July 19 (Bloomberg) -- Thailand’s central bank said rising household debt limits its scope to reduce interest rates, even as the monetary authority cut its economic growth forecast for this year on slowing exports.
Gross domestic product will increase 4.2 percent compared with 5.1 percent predicted in April, Assistant Governor Paiboon Kittisrikangwan said in Bangkok today. The central bank also cut its export growth estimate to 4 percent from 7.5 percent and inflation to 2.3 percent from 2.7 percent.
Prime Minister Yingluck Shinawatra asked state agencies to monitor signs of slowing local demand and find ways to spur the economy after the Finance Ministry last month lowered its 2013 growth forecast following a less-than-estimated expansion of 5.3 percent in the first quarter from a year earlier. Governor Prasarn Trairatvorakul said earlier today the nation’s household debt has increased to 80 percent of GDP.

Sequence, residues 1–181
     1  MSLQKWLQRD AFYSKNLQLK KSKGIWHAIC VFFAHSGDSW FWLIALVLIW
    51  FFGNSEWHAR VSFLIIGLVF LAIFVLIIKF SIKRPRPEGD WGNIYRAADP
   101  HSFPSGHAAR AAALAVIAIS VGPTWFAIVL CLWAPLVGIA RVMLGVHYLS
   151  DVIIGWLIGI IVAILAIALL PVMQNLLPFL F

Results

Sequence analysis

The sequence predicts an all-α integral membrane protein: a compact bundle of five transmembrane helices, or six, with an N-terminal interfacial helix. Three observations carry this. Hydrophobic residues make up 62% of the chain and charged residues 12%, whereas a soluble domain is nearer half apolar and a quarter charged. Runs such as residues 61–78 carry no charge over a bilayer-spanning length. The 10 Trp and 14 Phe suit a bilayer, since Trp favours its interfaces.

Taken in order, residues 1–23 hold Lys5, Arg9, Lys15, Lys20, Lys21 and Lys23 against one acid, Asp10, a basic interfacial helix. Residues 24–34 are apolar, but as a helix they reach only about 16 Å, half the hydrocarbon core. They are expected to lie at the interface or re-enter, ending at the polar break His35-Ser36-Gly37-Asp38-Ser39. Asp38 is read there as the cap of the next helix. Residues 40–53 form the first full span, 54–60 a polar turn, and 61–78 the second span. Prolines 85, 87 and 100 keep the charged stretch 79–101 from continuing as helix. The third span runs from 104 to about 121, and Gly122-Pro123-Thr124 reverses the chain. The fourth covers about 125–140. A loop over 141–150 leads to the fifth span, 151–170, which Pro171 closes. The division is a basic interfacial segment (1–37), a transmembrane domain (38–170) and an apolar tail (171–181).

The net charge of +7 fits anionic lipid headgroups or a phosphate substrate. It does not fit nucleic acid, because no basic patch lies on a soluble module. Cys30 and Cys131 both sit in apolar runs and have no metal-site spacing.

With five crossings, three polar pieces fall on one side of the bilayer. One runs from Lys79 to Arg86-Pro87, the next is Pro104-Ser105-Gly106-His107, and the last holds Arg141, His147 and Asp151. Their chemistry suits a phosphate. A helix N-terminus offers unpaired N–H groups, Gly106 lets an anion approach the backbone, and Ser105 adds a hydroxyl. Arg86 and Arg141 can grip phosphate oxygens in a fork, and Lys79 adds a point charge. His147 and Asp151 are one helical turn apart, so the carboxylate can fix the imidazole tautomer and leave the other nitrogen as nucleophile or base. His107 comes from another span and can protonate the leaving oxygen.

“With such high household debt and high borrowing, any further rate cut will not help stimulate the economy much,” Paiboon said. “Given the current forecast for growth at 4.2 percent, the current rate should be appropriate. Still, if the economic situation changes, we are ready to adjust our policy.”
There is no need for short-term stimulus measures as the economy will recover “to its normal trend in the second half,” Prasarn said today. The Bank of Thailand last week kept its benchmark interest rate unchanged at 2.5 percent after lowering borrowing costs in May for the first time this year.
The baht was little changed at 31.08 against the dollar as of 4:25 p.m. in Bangkok. It has fallen more than 4 percent in the past six months.
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